Post your coins with bankers marks, coins with Moneta, or anything else that you find interesting or entertaining.
    Last edited: Aug 16, 2019
  2. Avatar

    Guest User Guest

    to hide this ad.
  3. Shea19

    Shea19 Supporter! Supporter

    Very the “tools of the trade” reverse.

    I’ve always liked the banker’s mark on this one.
    Man. Aemilius Lepidus, AR Denarius, Rome, (18 mm, 3.88g)
    Laureate and diademed head of Roma right; behind star (mark of value)/ REV. MN•AEMILIO, Equestrian statue right on pedestal with three arches, L-E-P between the arches
  4. ominus1

    ominus1 Supporter! Supporter

    ..i have several with many, but this is the latest...:) friggy 010.JPG friggy 009.JPG L. Piso Frugi, 90 BC
  5. rrdenarius

    rrdenarius non omnibus dormio Supporter

    I think this one has interesting marks. I wonder if the W is a counter mark or a banker's mark.
  6. ominus1

    ominus1 Supporter! Supporter

    ...i got one similar early on with that type of countermark on one of my purchases :p Tyche Gally Ae Greek porvincial 001.JPG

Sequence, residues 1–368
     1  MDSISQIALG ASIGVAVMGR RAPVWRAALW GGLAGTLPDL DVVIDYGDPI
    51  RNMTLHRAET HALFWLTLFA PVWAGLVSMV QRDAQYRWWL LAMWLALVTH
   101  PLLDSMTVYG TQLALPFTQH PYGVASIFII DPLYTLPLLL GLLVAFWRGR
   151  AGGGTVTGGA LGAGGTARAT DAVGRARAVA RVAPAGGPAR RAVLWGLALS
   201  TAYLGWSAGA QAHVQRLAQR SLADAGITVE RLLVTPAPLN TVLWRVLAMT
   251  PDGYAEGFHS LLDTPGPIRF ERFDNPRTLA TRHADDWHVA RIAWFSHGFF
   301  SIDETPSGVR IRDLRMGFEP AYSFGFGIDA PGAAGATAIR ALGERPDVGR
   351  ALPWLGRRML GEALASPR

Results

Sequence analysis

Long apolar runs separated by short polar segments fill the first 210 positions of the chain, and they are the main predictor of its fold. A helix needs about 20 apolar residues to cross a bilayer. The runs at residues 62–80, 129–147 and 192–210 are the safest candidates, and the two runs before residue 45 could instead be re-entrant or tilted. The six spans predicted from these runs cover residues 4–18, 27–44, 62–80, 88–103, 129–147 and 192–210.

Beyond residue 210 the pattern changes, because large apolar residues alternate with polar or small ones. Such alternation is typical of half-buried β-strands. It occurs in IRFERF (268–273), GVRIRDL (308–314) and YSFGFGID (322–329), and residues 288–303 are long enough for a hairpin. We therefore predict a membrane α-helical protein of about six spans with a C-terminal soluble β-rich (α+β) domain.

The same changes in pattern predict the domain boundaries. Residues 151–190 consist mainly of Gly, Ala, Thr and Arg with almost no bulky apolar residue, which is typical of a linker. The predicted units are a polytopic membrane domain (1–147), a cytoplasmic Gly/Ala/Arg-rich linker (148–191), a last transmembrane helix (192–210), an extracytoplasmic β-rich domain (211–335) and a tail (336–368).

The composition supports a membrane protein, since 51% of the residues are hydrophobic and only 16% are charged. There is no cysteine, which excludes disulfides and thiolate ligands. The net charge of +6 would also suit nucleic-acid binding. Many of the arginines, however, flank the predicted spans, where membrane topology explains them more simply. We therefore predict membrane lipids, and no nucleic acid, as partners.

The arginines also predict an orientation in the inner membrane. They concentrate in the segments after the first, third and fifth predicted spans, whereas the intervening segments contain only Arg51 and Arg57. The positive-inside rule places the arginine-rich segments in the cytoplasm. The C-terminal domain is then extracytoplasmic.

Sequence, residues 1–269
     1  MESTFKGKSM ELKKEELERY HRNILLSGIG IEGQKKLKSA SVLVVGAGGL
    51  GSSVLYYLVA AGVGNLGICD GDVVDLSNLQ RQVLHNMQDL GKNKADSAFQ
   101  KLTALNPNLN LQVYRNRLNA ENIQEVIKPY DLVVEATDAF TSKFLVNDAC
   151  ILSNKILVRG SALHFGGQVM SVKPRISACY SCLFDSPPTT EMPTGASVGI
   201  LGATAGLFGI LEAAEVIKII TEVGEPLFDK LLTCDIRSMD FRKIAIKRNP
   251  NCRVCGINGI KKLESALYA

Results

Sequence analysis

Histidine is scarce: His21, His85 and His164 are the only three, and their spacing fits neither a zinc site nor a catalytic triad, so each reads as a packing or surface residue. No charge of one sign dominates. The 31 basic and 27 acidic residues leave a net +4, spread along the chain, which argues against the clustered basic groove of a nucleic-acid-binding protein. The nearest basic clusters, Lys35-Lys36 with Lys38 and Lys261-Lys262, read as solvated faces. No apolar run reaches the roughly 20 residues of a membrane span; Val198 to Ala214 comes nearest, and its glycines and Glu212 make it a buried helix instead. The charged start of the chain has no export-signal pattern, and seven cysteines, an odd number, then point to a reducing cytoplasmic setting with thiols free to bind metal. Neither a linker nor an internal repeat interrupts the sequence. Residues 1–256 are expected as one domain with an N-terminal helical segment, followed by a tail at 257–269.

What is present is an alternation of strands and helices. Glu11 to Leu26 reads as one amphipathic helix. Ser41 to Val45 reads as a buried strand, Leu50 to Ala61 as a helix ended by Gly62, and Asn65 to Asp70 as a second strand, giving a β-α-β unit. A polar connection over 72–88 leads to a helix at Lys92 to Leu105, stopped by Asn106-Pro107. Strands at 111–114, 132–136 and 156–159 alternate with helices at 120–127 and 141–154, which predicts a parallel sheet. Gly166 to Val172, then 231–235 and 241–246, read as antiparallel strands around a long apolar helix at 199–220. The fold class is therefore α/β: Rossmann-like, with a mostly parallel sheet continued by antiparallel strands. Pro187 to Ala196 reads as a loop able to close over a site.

7. Roerbakmix

    Roerbakmix Well-Known Member

    I like this coin a lot, mostly due to the banker marks. This coin was clearly used for quite some time, showing wear, but still staying within the normal range (5.5-5.7 g). On top of that, it's the oldest coin in my collection. It's so small, but still quite heavy; a 'little drop of silver history'.

    I read somewhere that the incuse mark of the reverse in Sigloi was actually caused by the minter removing some material to reach the desired weight. I just like to image, someone ca. 2500 years ago, chiseling some silver out of this coin :)

    AR Siglos (Type IIIb (early). Xerxes I - Darius II, c. 485 - 420 BC.) Sardis mint. Possibly introduced in connection with the accession of Xerxes.
    Obs: Kneeling-running figure of the Great King right, transverse spear with point downward in right, bow in left, bearded, crowned. Drapery with naturalistic fold over the advanced left knee. Central banker mark.;
    rev: Incuse, with four bankers marks: at 9'o clock nr 71/72, at 6'o clock nr 46, at 3'o clock nr. 47; central nr. 1, as published by George F. Hill in the British Museum Catalog, volume on Persia, p. cxxxvii (found here:
    Weight: 5.5g; Ø:1.2cm
    Acquired: 27-04-2019
    Last edited: Aug 16, 2019
    Carl Wilmont, Shea19, Ryro and 9 others like this.
  8. ominus1

    ominus1 Supporter! Supporter

    yeah, a collection shouldn't been w/o a couple of Siglos Roermakmix. esp. with bankersmarks.:) Persian Siglos 001.JPG Persian Siglos 002.JPG
    Carl Wilmont, Shea19, Ryro and 8 others like this.
  9. zumbly

    zumbly Ha'ina 'ia mai ana ka puana Supporter

    That's a beautiful Carisius, @Sulla80. I didn't even notice the bankers' marks, to be honest.